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"Not Totally Dead" Yet
In the Chicago suburbs of Burr Ridge, Naperville, and Hinsdale, sales of high-end real estate hit a huge slump this summer that still continues.
For example, Crain's Chicago reports the city of Burr Ridge, has 100 homes on the market for at least $1 million, but only 14 have sold at that price in the past six months.
Crain's Chicago has the details in This suburb has too many $1 million-plus homes for sale (emphasis mine).
"It's been disquietingly slow, brutally slow getting these sold," said Linda Feinstein, the broker owner of ReMax Signature Homes in neighboring Hinsdale. "It feels like the brakes have been on for months."Ready to Cash In But No Buyers
Sales slowed down all over the Chicago area this summer, and sometimes potential sellers don't get the message soon enough, which creates an over-stock of inventory.
"It's not as busy as we'd all like it to be, but it's not totally dead," said Dave Ricordati, a Coldwell Banker agent with three $1 million-plus listings, the newest of which has been on the market since July. "I mean, it's not 2009 or 2010," when the real estate market was at a virtual standstill.
Another factor in the backlog, said Linda Saracco, a ReMax Signature agent who's been working Burr Ridge for over 30 years, is that "a lot of our sellers are baby boomers who bought in the '80s or '90s, built up a lot of equity in their homes and are ready to cash it in."
When the market doesn't deliver a buyer who's willing to pay the price they want, "they're not taking it. They'll wait and see if they can get their number."
Her prediction: They won't.
I have to commend ReMax agent Linda Saracco for her accurate, honest assessment "They won't [get their price]".
This is precisely what happens when everyone heads for the exit door at the same time.
Case-Shiller Chicago Update
The Crain's report got me thinking about the most recent Case-Shiller Home Price Update.
Let's put a spotlight on Chicago where things are also "not totally dead" .... yet.
Chicago Year-Over-Year-Price Changes
Chicago Home Price Index
Chicago had a huge boom followed by a huge bust that never quite recovered.
Economic Rot vs. Home Price Rot
Unlike overall economic weakness that starts at the periphery and spreads to the core, real estate rot frequently starts at the high end as buyers balk.
Each drop in high-end prices progressively hits the next lower home price group level.
A rush for the exit in Illinois is underway. And why shouldn't there be one? Who can really afford such prices anyway?
Certainly not millennials with a mountain of student debt or those stuck in low-wage jobs.
A major part of the problem is the overall set of asset bubbles thanks to loosey-goosey policies at the Fed.
But why a rush to the exit in Illinois and not everywhere?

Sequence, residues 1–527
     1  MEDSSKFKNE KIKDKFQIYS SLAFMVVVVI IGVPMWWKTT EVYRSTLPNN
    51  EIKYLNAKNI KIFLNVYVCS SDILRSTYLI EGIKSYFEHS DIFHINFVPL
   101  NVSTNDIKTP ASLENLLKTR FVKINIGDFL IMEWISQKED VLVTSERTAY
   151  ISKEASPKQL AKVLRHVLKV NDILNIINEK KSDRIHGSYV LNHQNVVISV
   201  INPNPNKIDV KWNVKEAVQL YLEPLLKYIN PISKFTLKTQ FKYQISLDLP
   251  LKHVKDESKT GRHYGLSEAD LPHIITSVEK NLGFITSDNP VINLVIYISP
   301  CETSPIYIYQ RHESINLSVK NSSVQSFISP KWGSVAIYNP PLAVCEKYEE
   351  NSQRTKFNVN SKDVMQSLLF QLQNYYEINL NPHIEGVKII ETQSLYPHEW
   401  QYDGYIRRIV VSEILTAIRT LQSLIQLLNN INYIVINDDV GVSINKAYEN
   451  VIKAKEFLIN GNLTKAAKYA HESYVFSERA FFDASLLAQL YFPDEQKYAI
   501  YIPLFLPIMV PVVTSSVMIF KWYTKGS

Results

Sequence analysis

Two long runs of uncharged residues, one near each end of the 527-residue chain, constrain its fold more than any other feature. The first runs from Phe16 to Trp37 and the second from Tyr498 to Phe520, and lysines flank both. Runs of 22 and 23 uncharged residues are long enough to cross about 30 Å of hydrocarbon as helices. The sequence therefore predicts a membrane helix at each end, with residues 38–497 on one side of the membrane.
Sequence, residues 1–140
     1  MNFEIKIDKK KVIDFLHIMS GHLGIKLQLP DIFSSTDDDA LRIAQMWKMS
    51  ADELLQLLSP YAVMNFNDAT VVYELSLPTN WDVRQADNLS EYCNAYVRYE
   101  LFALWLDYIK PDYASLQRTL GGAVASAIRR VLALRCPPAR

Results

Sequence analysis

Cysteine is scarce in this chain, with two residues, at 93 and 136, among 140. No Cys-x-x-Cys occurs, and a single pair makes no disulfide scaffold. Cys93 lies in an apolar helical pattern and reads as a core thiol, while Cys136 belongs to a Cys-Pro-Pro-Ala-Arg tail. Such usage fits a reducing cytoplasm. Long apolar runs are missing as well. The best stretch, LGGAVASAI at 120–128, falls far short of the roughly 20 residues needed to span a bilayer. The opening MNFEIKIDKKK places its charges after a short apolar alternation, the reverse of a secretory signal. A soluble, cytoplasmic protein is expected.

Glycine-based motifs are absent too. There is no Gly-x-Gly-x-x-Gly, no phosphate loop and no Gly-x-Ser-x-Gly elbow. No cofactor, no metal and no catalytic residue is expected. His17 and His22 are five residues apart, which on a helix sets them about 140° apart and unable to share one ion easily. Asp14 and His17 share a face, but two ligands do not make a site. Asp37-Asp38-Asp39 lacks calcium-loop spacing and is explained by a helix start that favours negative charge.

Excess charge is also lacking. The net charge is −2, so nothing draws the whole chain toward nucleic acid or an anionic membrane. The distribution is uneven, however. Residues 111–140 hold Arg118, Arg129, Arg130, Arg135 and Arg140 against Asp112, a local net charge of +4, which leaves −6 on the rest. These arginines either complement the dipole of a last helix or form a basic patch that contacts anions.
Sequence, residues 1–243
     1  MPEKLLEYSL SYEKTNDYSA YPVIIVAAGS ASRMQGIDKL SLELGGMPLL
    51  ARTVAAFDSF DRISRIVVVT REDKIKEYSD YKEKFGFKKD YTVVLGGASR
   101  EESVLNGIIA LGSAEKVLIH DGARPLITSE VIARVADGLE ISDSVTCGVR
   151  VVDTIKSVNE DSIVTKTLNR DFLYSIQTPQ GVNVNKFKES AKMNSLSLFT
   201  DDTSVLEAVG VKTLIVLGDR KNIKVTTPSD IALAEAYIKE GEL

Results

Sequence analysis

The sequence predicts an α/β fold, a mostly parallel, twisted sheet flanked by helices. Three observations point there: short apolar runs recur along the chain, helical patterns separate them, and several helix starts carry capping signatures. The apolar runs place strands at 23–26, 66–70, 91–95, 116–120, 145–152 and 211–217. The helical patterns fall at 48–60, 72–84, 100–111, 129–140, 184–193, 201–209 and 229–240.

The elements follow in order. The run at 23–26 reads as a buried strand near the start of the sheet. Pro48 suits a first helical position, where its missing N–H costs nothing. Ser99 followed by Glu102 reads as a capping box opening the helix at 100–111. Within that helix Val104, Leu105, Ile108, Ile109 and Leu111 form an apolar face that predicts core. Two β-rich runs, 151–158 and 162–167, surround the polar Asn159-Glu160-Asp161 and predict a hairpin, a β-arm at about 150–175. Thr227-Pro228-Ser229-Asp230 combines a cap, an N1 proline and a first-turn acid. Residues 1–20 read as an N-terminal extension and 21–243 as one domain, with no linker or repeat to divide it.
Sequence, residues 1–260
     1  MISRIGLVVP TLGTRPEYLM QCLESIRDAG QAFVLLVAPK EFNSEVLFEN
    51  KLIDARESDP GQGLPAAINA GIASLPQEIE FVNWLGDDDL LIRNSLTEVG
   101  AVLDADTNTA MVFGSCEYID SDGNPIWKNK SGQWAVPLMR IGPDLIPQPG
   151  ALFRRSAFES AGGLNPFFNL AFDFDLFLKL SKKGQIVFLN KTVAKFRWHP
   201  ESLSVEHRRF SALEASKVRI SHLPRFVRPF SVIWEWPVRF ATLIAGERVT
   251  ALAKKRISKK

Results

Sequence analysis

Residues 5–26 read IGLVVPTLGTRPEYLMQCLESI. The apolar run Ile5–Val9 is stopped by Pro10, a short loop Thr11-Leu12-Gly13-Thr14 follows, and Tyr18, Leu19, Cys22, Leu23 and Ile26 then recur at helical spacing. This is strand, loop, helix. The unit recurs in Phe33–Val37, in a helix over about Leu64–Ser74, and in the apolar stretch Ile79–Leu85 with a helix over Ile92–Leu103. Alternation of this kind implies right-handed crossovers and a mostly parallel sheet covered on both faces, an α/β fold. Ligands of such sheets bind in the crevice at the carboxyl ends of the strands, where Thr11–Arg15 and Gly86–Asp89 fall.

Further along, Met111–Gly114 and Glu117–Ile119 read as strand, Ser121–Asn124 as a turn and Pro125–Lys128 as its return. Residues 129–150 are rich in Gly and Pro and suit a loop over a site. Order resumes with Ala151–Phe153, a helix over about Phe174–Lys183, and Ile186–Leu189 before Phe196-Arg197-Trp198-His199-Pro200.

In Illinois, we have a second problem: State of Illinois policies.
Oh Come Oh Come Emanuel
No, I won't do a musical tribute with that title (accepting your thanks in advance). But Mayor Rahm Emanuel is crazy if he thinks tax hikes are the way out of Chicago's fiscal mess.
Yet, on September 23, I noted Chicago Tax Collector Hath Arrived With Massive Tax Hike: Emanuel Says "No Stone Unturned"
Worse yet, Emanuel says he's "Not Done Yet [hiking taxes]" and he will leave "no stone unturned" in the search for revenues.
Bet Your Bottom Dollar
You can bet your last dollar on this: When politicians promise to raise your taxes, they will, and by more than they say.
Emanuel will raise property taxes by the most in Chicago history. And that's not going to affect property values or the desire to cash out? What Fantasyland is Emanuel living in?
It's not just Chicago. Illinois has a litany of problems that make people want to leave. Citizens want to leave. And they will.
But not at the property prices they expect.
On May 4, in Beware, the Tax Man Has Eyes on You I wrote ...
To spare the citizens of Illinois massive tax hikes, the only reasonable course of actions are as follows:Advice Not Accepted
- Halt defined benefit pension plans for new employees
- Eliminate collective bargaining of public unions
- Scrap Davis Bacon and all prevailing wage laws so that cities do not have to overpay for services
- Enact right-to-work legislation
- Pass bankruptcy legislation allowing cities, municipalities, and other taxing bodies the right to declare bankruptcy
Had options 1-4 been done a decade ago, Illinois would not be as bad off as it is today. Now, even those measures cannot and will not fix the problems.
The tax man did not listen. He never does.
On March 2, I noted Illinois Pension Plans 39% Funded; Taxpayers On the Hook for $105 Billion in Liabilities; It Will Get Worse!
On April 1, I noted the Shockingly Bad Fiscal Health of Chicago (and the Financial Engineering Chicago Uses to Hide that Fact).
On September 29, Illinois Policy Institute Vice President Michael Lucci noted Food Stamp Growth Outpaces Illinois Job Creation 5-4 During Recovery.
Get Me the Hell Out of Here
Finally, please consider my August 13 article Get Me the Hell Out of Here.
Policies in Illinois are to hugely blame for this "rush to the exit" by businesses and ordinary taxpayers alike.
The net business flight and high-end wealth flight from Illinois to other states will now accelerate thanks to policies in the city of Chicago and the state of Illinois in general.
Mike "Mish" Shedlock